These insights provide the historical and conceptual backdrop for my interrogation of modern American conservatism. Indeed, the instability of rights discourse — the simultaneous signification and troubling of undemocratic privilege that is derived from modern law and politics itself — lends to conservative politics, ironically, its vitality. Articulation and defense of the "normal," paternally disciplined, rights-bearing citizen thus works as the conservative movement's catalytic and harmonizing force; it is the cultural source of the movement's seemingly limitless capacity to regenerate itself as a relatively cohesive, unified movement in spite of ongoing internal tensions.
Given these core scholarly premises and commitments, I engage in a particular form of investigation and employ a particular set of methods in order to conduct that investigation. The source material, or "data," on which this book relies is contained primarily in chapters 3 to 5, which explore the trio of public figures whom movement conservatives consider to be their most important representatives: William F. Buckley Jr. (in Chapter 3), Ronald Reagan (in Chapter 4), and Clarence Thomas (in Chapter 5). Each of these chapters interprets the distinctive, paternal rights discourse with which these figures articulated their visions of the American nation, the sorts of family structures necessary for the production of virtuous citizens, and the acts of governance that would best reflect the nation's core commitment to autonomous self-governance. In short, each of these chapters interrogates the presence, and the effects, of the paternal rights talk that distinguishes, rejuvenates, and troubles modern American conservatism.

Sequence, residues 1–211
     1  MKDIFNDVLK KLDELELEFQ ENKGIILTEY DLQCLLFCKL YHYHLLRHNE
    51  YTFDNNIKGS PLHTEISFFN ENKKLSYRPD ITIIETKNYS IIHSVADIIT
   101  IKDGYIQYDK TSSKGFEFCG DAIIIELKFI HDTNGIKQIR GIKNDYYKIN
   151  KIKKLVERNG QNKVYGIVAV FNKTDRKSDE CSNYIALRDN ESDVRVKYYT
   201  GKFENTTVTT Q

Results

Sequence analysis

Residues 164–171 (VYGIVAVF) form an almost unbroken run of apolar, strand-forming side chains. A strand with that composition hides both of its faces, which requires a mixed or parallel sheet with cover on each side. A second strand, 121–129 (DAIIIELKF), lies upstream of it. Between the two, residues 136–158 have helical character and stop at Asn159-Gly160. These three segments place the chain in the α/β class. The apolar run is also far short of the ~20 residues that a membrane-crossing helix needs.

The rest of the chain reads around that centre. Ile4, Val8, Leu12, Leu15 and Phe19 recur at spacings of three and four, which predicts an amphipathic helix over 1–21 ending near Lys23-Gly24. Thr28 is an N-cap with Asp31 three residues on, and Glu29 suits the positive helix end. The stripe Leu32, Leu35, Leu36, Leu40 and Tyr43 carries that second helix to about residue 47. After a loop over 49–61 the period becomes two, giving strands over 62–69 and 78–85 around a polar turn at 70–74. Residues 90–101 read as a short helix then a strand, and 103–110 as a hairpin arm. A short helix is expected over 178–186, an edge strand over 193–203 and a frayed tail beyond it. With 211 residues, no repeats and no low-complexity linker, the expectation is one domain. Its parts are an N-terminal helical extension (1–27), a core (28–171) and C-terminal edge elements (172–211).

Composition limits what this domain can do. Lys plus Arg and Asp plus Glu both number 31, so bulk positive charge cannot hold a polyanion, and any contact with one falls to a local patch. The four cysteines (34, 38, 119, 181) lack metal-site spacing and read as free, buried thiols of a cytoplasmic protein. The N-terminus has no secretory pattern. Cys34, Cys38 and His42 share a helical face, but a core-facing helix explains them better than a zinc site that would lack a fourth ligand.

As such, I rely on methods of inquiry that are drawn from interpretive approaches to the social sciences and the humanities. My interpretive account fixates, in particular, on the effects of language — effects that register in the domains of both the conceptual and the epistemological. Indeed, interpretive scholars are concerned with how a culture's common vernaculars at once reflect and constitute the widely shared meanings with which people make sense of themselves, others, and the possibilities of action that do and do not exist at any particular time. It is through the habitual speaking and hearing of such commonly held discursive conventions that we become meaningful; they lead us to know who we are (and are not), what we desire (and what we fear), and which practices are best suited (or not) for realizing our goals.
Excerpted from Raised Right by Jeffrey R. Dudas, Austin Sarat. Copyright © 2017 Board of Trustees of the Leland Stanford Junior University. Excerpted by permission of STANFORD UNIVERSITY PRESS.
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Table of Contents
1. Raised Right,
2. Something to Believe In: Modern American Conservatism and the Paternal Rights Discourse,
3. Penetrating the Inner Sanctum: William F. Buckley Jr., Paternal Desire, and the Rights of Man,
4. "The Greatest Nation on Earth": Ronald Reagan, Fathers, and the Rights of Americans,
5. All the Rage: Clarence Thomas, Daddy, and the Tragedy of Rights,
6. A Nightmare Walking: The Haunting of Modern American Conservatism,